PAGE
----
Shingles is a painful skin rash that is caused by the same virus that causes chickenpox. Each year in the United States, there are approximately one million cases of shingles, and one-third of Americans will develop shingles in their lifetime. Shingles most commonly occurs in people aged 50 or over, but it can affect anyone who has had chickenpox. In most cases, shingles is not contagious, but it may be possible for someone with shingles to spread the virus to someone who has never had chickenpox or received the chickenpox vaccine. While it is possible to have shingles more than once, most people who get shingles will not have a subsequent outbreak.
The painful rash from shingles is caused by the reactivation of the chickenpox virus that lies dormant in the nervous system. There is usually no known reason why the virus reactivates, but possible triggers can include aging, certain diseases, stress, or some medications.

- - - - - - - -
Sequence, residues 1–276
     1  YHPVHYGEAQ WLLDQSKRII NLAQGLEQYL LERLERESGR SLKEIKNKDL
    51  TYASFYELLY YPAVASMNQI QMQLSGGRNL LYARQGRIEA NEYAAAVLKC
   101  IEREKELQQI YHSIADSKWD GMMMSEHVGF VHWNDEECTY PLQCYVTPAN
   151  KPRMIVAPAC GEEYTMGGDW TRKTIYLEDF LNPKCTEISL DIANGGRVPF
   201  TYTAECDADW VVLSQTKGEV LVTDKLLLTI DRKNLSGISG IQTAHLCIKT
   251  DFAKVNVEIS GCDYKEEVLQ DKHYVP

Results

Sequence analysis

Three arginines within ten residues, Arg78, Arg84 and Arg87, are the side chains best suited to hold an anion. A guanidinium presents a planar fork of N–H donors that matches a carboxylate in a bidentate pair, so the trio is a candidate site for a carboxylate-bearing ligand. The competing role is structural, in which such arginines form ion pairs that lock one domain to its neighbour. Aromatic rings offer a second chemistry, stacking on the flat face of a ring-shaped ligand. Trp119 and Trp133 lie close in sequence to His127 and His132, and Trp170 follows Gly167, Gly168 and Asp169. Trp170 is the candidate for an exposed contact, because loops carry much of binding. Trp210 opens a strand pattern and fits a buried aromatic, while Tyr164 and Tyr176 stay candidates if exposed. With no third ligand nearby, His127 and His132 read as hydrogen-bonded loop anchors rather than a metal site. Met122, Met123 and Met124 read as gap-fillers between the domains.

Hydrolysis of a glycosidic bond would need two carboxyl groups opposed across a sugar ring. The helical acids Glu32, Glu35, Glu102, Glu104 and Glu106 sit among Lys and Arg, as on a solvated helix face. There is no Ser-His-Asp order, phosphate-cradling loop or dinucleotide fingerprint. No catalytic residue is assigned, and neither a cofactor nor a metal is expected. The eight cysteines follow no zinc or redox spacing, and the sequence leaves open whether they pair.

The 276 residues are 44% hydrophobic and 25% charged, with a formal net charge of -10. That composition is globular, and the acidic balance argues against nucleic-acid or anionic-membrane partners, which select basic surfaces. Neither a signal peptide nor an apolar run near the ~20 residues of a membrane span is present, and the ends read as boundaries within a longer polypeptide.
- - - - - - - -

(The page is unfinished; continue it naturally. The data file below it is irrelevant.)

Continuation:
Shingles usually begins with flu-like symptoms, followed by pain, tingling, and itching on a certain part of the body. Several days after the pain starts, a rash appears that could turn into fluid-filled blisters. These blisters may continue to appear for a week, and scab over about ten days later. The total time for a shingles episode is from two to four weeks, but the pain from shingles may persist after the infection has healed and the rash has disappeared. This pain is known as postherpetic neuralgia, and occurs in 10-20 percent of patients.
Shingles is most often treated with medications, both antiviral and pain medicine. At-home remedies include taking antihistamines or using Calamine lotion to help with itching, keeping the rash clean and dry, and wearing loose clothing to help prevent the pain of touching the rash. Treatment for postherpetic neuralgia may include medication, skin patches, and for some cases, neuromodulation.
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